Open Adoption

I have recently been trying to grapple with my feelings on open adoption. I feel like I am a bit late in the game considering that adoption month was in November, but it’s just where I am at now.

You see, when I first announced that we would be adopting, I was not clear on who or how that actually happened.
The truth is that it happened so fast and we were trying hard to be sensitive to the situation, so we didn’t want to put too much information out there. I’ve struggled with talking about the details of our adoption from day one.

Adoption has changed our family in many of the same ways having any child will. But it has also changed it in ways that only people who have been through this experience before can understand. Our whole family has been changed.

Ruby joined our family through a kinship adoption. Those that are close to us and family members know the intimate specifics.
Because my blog is so open, I will try to navigate this chapter of our lives as gracefully as possible (and we all know how much grace I have on my own…lol) and as respectfully as I can in regards to all parties involved.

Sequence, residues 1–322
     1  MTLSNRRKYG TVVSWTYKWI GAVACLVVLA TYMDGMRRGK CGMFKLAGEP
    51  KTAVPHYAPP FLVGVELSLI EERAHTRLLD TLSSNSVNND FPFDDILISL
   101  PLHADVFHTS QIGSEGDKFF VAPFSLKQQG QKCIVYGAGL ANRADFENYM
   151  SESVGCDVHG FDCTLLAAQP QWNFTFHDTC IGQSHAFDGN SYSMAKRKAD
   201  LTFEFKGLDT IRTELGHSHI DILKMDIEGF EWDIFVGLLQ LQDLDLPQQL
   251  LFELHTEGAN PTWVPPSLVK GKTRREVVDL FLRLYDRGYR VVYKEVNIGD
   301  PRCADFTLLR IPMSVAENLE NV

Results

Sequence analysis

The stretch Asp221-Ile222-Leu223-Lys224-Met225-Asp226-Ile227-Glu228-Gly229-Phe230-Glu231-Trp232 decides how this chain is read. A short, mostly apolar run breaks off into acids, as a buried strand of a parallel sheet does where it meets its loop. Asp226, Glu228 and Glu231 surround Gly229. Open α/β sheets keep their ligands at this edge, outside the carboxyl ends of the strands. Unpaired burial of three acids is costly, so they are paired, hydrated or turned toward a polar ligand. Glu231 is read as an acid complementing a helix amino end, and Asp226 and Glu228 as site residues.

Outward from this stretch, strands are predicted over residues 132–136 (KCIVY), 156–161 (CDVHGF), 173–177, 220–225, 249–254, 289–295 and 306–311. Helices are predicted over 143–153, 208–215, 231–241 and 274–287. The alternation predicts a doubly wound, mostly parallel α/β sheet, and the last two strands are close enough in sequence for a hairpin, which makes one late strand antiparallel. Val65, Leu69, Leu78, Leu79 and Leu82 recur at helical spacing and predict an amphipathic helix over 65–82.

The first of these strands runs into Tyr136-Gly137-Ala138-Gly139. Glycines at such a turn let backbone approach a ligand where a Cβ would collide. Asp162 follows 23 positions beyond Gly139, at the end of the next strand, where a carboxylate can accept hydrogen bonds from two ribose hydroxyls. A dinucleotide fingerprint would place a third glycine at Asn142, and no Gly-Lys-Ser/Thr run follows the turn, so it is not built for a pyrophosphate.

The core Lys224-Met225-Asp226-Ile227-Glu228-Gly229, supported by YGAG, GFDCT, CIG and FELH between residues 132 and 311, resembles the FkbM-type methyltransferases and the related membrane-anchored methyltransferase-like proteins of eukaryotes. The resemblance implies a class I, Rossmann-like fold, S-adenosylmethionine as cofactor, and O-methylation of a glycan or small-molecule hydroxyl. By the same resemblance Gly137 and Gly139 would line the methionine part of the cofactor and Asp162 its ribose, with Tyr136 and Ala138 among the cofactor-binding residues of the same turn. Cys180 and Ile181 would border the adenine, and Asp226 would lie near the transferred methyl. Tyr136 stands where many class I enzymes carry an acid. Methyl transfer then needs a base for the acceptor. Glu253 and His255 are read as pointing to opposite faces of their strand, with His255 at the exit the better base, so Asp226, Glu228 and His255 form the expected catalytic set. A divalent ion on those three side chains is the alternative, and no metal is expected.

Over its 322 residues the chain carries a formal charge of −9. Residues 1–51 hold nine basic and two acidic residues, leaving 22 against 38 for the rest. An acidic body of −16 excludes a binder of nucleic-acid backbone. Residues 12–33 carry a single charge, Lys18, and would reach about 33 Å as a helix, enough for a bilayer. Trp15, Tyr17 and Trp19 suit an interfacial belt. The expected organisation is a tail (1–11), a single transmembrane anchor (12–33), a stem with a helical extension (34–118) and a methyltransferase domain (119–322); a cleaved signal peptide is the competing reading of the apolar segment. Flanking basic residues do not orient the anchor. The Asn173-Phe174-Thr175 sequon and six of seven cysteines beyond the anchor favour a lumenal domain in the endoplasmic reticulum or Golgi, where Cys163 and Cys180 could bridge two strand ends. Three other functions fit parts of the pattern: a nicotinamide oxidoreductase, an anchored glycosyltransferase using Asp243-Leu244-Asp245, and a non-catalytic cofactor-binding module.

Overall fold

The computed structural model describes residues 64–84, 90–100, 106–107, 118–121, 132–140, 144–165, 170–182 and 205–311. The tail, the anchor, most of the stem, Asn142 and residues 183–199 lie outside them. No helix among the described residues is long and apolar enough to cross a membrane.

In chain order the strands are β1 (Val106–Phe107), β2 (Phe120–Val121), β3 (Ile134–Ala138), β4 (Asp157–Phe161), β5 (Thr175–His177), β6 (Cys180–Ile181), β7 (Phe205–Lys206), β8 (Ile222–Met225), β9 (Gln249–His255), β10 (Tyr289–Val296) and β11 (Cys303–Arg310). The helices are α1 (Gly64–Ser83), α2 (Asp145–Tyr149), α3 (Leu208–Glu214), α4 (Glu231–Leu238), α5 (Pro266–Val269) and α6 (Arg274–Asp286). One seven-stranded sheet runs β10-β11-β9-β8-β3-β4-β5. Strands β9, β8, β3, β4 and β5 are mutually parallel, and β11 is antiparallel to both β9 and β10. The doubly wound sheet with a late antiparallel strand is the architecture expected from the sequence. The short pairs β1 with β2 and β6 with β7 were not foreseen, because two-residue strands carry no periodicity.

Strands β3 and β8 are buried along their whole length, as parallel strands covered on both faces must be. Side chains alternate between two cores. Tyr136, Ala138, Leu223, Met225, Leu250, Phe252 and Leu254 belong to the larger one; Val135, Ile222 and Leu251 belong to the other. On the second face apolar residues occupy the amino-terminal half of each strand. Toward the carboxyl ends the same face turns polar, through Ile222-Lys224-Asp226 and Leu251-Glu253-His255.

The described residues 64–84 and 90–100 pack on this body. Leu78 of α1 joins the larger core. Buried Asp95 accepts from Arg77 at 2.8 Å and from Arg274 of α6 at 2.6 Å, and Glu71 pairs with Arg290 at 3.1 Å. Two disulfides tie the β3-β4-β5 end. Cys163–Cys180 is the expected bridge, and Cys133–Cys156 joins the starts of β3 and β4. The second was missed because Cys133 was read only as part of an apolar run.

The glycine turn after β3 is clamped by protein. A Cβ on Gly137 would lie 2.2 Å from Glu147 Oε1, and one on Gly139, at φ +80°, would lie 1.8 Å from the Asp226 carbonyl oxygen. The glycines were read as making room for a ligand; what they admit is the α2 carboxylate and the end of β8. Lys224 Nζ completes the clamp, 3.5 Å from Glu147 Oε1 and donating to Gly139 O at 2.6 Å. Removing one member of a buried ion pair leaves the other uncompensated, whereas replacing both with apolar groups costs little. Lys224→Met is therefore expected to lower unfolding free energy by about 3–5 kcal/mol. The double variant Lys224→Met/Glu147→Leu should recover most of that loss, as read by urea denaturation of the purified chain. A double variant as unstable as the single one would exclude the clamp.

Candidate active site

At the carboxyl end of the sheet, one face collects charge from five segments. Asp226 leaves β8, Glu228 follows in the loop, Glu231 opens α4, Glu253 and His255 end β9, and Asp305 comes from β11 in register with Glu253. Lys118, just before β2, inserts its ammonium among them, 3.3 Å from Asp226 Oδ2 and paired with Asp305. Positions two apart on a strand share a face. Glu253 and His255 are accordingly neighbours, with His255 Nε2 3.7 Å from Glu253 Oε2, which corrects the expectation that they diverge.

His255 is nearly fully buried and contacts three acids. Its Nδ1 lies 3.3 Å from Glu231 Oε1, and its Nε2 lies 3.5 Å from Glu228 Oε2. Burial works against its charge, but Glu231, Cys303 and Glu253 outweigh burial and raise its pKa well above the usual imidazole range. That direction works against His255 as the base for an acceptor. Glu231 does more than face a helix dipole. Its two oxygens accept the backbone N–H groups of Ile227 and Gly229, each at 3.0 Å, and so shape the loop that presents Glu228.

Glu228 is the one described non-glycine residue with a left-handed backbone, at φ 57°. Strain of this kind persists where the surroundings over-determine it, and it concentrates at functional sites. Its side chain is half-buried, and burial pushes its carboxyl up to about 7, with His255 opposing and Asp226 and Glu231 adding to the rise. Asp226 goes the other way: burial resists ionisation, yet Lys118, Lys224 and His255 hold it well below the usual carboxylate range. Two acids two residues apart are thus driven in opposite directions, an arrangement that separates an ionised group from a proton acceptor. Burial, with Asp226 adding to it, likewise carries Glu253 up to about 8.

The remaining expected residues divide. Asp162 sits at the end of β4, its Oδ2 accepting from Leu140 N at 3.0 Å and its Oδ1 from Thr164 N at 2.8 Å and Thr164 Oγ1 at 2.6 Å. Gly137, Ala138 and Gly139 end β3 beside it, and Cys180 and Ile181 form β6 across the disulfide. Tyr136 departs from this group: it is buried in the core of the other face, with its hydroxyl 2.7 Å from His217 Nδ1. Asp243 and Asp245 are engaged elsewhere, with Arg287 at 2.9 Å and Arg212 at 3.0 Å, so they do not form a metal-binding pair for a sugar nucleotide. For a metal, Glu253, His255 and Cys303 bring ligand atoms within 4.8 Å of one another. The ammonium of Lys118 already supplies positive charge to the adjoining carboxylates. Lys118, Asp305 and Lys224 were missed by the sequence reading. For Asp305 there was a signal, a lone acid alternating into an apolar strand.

What I will say up front is this: We are incredibly blessed to have our family going through this with us. Often, I find it difficult to disclose 100% of what we are going through because we are walking this path without a road map. No one else in our families has a child with Down syndrome or any other intillectual disability. No one in our family has adopted the child of another family member.
It’s complicated. It’s isolating some times.
But we feel so lucky to have everyone’s support, advice and their earnest attempts to walk with us on this road.

Because Ruby’s adoption is a kinship adoption, it’s so much more complicated. Like an onion, there are many layers. Ruby is 5 months old now, and while we have known since she was 20 weeks gestationally that she would become our daughter, I don’t know that we truly understood what adoption would mean for our family.
Even once she came home, there was a dream-like state that we lived in as we navgiated life with two children and tried to learn all we could about our daughter.

Now that we have come up for air, we are having to be bold and face our insecurities and feelings about what adoption actually means.